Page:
Microbial networks in the long-term no-till management were denser than those of conventional or organic managements. This is undoubtedly related to higher prokaryotic alpha diversity in the no-till management system. We speculate that the increased number of core taxa, and therefore nodes, in the no-till networks may be related to both the lack of disturbance and increased soil carbon quality and quantity associated with no-till (Smith et al., 2016; Banerjee et al., 2019). Differences in network density and other network statistics between organic and other management systems may be due to management regime or due to host genotype differences. Further mechanistic studies are needed to assess the effects of more complex networks on host plant health.
Microbial networks detected different hub species in each network. Due to the lack of taxonomic resolution in amplicon sequencing studies, species and strain level identification of hubs is impossible. However, detection of hub OTUs belonging to particular microbial genera may inform future mechanistic studies. In the no-till belowground network, two detected hubs were from the Gaillales order, which has been previously shown to be enriched in the roots of rice compared to surrounding soil, their detection as hubs may indicate an important role in structuring the root microbiome (Hernández et al., 2015). The only hub OTU detected in the belowground organic network was Phenylobacterium. This particular OTU seemed to only appear at a low relative abundance among hubs and only appeared in the roots and soil. Species from this genus have been understudied in terms of their effect on plant health, but it’s detection as a hub in the roots indicates that it may play a role in structuring the root microbiome.
One hub of the aboveground no-till network was a fungus belonging to the genus, Bullera. Similar to many other basidiomycete yeasts, Bullera species have been isolated from the phyllosphere of various plants, but their roles in plant health are undetermined (Wang et al., 2016). The only other fungal hub detected was a Tetracladium OTU which was a hub in the aboveground conventional network and was previously found to be abundant at the KBS-LTER site (Gdanetz and Trail, 2017). Massilia is another aboveground hub taxon of interest. Although studied primarily in the roots, taxa from this genus are potentially beneficial due to their ability to solubilize phosphate (Silva et al., 2017). Its presence in aboveground tissues indicates that it may be important in structuring plant microbiomes in both above and belowground phytobiomes. Further research is needed to determine why hub taxa are highly connected to other microbial members and how these connections help assemble soybean-associated microbial communities.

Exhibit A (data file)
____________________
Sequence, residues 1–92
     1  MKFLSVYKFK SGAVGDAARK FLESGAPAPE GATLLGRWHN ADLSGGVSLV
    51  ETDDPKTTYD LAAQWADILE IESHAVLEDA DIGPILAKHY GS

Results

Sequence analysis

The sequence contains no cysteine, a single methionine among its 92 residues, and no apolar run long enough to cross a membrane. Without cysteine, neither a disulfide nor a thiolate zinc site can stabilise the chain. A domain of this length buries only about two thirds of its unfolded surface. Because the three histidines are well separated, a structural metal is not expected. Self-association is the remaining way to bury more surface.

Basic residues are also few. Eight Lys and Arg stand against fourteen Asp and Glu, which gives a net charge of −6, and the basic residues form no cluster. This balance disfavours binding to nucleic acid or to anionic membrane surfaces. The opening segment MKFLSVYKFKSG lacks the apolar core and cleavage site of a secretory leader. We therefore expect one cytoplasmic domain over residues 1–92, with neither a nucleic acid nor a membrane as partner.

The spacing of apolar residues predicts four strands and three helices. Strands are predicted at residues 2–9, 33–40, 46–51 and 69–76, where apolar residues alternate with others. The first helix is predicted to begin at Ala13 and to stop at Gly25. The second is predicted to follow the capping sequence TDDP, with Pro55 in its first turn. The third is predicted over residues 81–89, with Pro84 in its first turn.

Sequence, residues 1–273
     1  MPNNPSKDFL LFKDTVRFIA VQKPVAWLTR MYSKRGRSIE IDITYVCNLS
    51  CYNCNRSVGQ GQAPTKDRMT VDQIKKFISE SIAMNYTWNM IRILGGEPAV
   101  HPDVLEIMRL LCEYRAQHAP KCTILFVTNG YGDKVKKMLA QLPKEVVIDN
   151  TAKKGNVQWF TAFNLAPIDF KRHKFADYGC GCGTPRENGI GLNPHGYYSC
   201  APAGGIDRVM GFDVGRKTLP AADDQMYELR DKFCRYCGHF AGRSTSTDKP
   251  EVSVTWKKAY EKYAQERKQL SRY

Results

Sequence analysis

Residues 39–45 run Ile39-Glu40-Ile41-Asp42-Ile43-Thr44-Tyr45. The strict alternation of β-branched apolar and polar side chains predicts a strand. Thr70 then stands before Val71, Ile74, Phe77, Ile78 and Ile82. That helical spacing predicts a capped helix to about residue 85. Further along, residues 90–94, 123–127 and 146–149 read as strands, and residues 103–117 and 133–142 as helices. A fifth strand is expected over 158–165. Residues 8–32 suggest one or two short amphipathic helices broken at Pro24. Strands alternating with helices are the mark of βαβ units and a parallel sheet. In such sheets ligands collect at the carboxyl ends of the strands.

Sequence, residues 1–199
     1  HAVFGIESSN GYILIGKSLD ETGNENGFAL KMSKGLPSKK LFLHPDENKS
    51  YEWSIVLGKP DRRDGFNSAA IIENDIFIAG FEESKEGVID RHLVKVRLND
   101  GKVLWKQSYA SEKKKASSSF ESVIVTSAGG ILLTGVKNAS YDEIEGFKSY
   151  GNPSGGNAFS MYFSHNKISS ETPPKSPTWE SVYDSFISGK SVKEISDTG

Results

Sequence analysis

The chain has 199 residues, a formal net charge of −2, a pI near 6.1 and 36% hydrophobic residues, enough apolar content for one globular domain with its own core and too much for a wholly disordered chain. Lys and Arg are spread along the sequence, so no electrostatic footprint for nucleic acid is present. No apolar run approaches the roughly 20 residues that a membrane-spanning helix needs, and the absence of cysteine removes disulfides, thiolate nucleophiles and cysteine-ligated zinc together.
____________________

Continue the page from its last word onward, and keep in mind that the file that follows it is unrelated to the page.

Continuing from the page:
Here we report on the impact of long-term cropping management systems on the soybean microbiome. In doing so, we also addressed whole plant-microbiome changes in above and belowground compartments across the growing season. Our results indicate that the management system and growth stage have significant effects on the soybean microbiome. The effect of management system persisted when comparing conventional and no-till systems, excluding organic samples that were of a different genotype. Our results also indicated that specific indicator taxa varied between management regimes. Some of the indicator taxa such as Mortierella and Hymenobacter may be beneficial to plants. Additionally, the management system altered the network hub taxa, which may be important in structuring the microbiome. Some hub OTUs, such as Massilia, belonged to microbial genera that are known to contain plant beneficial organisms. Taken together, these results indicate that agricultural management practices impact whole-plant microbiomes. How specific management regimes can be employed to select desired microbial traits is still an open question. Further research into taxa identified by indicator species and network analyses may help to elucidate their functional roles to explain why specific taxa may be enriched under different management systems.